• Cyclists are always good for a moan.
  • But their biggest ire is usually reserved for Uber and their lack of regulation.

Surprisingly, I’ve had no moans about moving to low-emission or electric vehicles.

So how do I think the situation will improve in the next few years?

Crossrail

Crossrail doesn’t serve Bank Junction directly, but I will be surprised if the massive double-ended Crossrail station at Liverpool Street and Moorgate, doesn’t attract a lot of passengers travelling to and from the City of London.

Bank Station Upgrade

Under Future Developments, Wikipedia says this.

  • A new entrance on Walbrook, near Cannon Street station, will provide new escalators and lifts to the Waterloo and City line platforms.
  • TfL is also consulting on retunnelling and widening the Northern line platforms.
  • Adding lifts and new entrances on King William Street and Cannon Street.
  • A new tunnel could be built to relocate the southbound Northern line platform.

The work could be completed by 2021 and will boost capacity by 40%, with 12 new escalators and 3 new lifts.

A well-designed Bank Underground station must relieve surface traffic of all types in the area.

Waterloo And City Line

When the new entry at Wallbrook to the Waterloo and City Line,  opens hopefully in late 2017, it will dramatically improve the usefulness of the Waterloo and City Line.

But improvements are also needed at the Waterloo end of the line.

  • Better connections to the new platforms 20-24 at Waterloo will be needed. Are they being provided in the current works.
  • Better connection to Waterloo East station, so passengers can get access to Charing Cross services.
  • Direct access to the street.
  • Step-free access.

The line should at least run seven days a week, if not all the time under automatic control.

It could be a much more important line in London’s transport system.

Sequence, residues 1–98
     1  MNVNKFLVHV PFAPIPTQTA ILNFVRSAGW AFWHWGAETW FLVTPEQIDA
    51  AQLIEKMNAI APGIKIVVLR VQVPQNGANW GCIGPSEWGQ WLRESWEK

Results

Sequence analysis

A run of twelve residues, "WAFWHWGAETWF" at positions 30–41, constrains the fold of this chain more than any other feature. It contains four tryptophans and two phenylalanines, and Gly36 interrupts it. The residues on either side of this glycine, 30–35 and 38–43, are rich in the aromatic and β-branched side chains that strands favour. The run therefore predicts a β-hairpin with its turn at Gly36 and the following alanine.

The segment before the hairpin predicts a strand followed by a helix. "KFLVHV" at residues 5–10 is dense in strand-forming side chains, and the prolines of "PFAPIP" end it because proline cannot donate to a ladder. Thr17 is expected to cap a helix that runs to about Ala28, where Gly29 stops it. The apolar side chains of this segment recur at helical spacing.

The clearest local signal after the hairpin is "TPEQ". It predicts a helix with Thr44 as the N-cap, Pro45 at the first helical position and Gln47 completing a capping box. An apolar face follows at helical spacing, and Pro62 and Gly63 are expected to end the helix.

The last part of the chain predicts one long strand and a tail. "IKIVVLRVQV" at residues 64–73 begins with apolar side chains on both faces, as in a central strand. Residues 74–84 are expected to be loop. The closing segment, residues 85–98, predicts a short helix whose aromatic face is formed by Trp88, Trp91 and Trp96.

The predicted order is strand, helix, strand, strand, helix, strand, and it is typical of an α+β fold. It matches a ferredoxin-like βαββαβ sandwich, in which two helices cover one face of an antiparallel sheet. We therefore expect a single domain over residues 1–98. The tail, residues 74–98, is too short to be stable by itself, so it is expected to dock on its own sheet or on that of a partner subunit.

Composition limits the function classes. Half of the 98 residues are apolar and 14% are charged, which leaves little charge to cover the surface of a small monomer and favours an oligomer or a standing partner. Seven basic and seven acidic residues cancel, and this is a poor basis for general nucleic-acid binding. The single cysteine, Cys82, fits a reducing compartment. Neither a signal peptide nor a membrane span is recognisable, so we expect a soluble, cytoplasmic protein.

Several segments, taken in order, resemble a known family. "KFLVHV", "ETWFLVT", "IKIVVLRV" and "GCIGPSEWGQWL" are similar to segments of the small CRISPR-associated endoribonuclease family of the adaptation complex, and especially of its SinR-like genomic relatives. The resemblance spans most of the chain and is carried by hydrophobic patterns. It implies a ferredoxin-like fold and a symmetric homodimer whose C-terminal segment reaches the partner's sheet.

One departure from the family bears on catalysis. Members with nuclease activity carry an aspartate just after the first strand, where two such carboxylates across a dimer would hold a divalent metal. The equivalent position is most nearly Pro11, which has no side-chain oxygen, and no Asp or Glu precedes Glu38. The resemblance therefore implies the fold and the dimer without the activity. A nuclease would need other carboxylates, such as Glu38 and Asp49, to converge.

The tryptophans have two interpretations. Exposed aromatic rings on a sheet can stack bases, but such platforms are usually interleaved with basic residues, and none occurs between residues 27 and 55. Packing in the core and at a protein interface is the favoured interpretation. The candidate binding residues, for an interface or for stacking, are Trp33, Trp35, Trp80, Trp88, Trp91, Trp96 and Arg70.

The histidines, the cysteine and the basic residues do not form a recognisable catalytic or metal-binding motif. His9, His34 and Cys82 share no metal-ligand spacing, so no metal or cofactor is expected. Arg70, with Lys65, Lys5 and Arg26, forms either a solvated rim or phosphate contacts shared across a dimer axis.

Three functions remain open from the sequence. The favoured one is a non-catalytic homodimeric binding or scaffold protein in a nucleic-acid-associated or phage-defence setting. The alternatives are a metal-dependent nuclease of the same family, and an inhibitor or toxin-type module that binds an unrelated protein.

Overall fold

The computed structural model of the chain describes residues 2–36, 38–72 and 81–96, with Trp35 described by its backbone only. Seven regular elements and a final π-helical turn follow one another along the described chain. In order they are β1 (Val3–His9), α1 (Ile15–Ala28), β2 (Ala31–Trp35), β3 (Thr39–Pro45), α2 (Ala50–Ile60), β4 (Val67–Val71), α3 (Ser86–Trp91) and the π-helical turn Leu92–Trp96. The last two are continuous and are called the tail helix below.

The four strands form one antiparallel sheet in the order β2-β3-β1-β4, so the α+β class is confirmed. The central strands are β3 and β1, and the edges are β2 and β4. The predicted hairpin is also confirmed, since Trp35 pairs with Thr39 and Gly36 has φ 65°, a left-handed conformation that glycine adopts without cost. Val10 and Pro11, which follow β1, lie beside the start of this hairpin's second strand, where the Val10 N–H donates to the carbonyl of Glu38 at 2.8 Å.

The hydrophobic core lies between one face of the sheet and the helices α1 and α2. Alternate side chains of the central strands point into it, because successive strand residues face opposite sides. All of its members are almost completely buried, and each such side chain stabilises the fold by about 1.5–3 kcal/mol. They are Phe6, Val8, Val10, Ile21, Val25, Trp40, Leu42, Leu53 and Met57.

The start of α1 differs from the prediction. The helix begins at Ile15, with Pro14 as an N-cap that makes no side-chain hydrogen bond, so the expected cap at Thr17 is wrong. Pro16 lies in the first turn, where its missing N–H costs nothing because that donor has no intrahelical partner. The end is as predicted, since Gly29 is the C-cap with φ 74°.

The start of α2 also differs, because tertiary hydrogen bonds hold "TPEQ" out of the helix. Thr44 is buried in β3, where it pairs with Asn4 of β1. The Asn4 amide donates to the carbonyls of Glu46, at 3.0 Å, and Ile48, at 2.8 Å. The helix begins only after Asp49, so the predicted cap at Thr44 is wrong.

It could even be renamed the City and South Bank Line.

The Northern City Line

The Northern City Line is London’s forgotten suburban line, as it terminates in a two-platform station under Moorgate station.

One of Crossrail’s collateral improvements will be to give the Northern City Line excellent connections to the following.

  • Crossrail
  • Liverpool Street station
  • Central Line

The deep and dingy station will also have much better connection to the various walking routes in the area.

But connectivity would be nothing without trains and the Northern City Line is getting new Class 717 trains, which could run at up to twelve trains per hour all day.

The original plans for the Northern City Line envisaged the line running to Lothbury station, which would be just to the North of the Bank of England.

If this extension had been built, it would have surely proved to have been a valuable part of London’s railways. But it wasn’t and probably to build it now would be too expensive and impossible.

Walking Routes

The actual City of London is compact and this Google Map shows the Northern part of the City between Bank, Moorgate and Liverpool Street stations.

lothbury

Note.

  • How one of the three main stations is within reach of much of the area.
  • I would reckon that the three stations are about eight hundred metres apart.

If you don’t fancy walking, there are bus routes between the stations and the Central and Northern Lines also provide connections.

Uber

Uber is the fox in the hen coup.

It is disruptive technology and I don’t like it for various reasons.

  • I like to pick up my cab from a rank or by hailing it on the street.
  • I feel that apps with credit card details in them will be the next big fraud opportunity.
  • I like a properly trained and regulated driver, who understands the intricacies of London’s streets.

I took an Uber cab once from Walthamstow to home and the driver came from West London and managed to get lost twice. As I wasn’t paying, I didn’t bother.

I can’t help feeling that Uber is very inefficient for the driver and only works if they have a monopoly of taxis on the streets.

Conclusion

I have given alternatives to the use of taxis around Bank Junction.

Taxi drivers will protest, but that area is one, where for most people, public transport will increasingly be the best way to travel.

 

 

January 18, 2017 Posted by | Travel | , , , , , | 1 Comment

The Victoria Embankment Work-Site Of The Thames Tideway Tunnel

As I walked along the Thames, signs of works for the Thames Tideway Tunnel are appearing.

These pictures were taken at the Victoria Embankment Work-Site.

There is not much to see at present, but most of it is so the Tattersall Castle can be moved.

When the tunnel is finished, the site will look like this.

ttve

The main purpose of the site, is to connect the Regent Street combined sewer overflow to the main tunnel.

Anybody fancy a coffee, a drink or a meal in the sun by the Thames on top of the sewer outfall in 2021?

January 18, 2017 Posted by | World | , , , | Leave a comment